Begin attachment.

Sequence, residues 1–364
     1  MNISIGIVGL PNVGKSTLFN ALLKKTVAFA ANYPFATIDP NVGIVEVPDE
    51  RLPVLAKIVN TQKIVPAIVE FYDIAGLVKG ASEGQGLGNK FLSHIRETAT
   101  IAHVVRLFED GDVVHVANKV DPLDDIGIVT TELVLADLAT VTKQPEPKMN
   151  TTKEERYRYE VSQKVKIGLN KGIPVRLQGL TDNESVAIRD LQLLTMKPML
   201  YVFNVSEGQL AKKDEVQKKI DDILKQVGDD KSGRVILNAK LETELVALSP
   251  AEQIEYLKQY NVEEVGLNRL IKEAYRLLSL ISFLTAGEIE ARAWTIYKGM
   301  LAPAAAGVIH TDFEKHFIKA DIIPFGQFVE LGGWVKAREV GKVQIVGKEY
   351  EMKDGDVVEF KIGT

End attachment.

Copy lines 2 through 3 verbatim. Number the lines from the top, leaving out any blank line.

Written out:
     1  MNISIGIVGL PNVGKSTLFN ALLKKTVAFA ANYPFATIDP NVGIVEVPDE
    51  RLPVLAKIVN TQKIVPAIVE FYDIAGLVKG ASEGQGLGNK FLSHIRETAT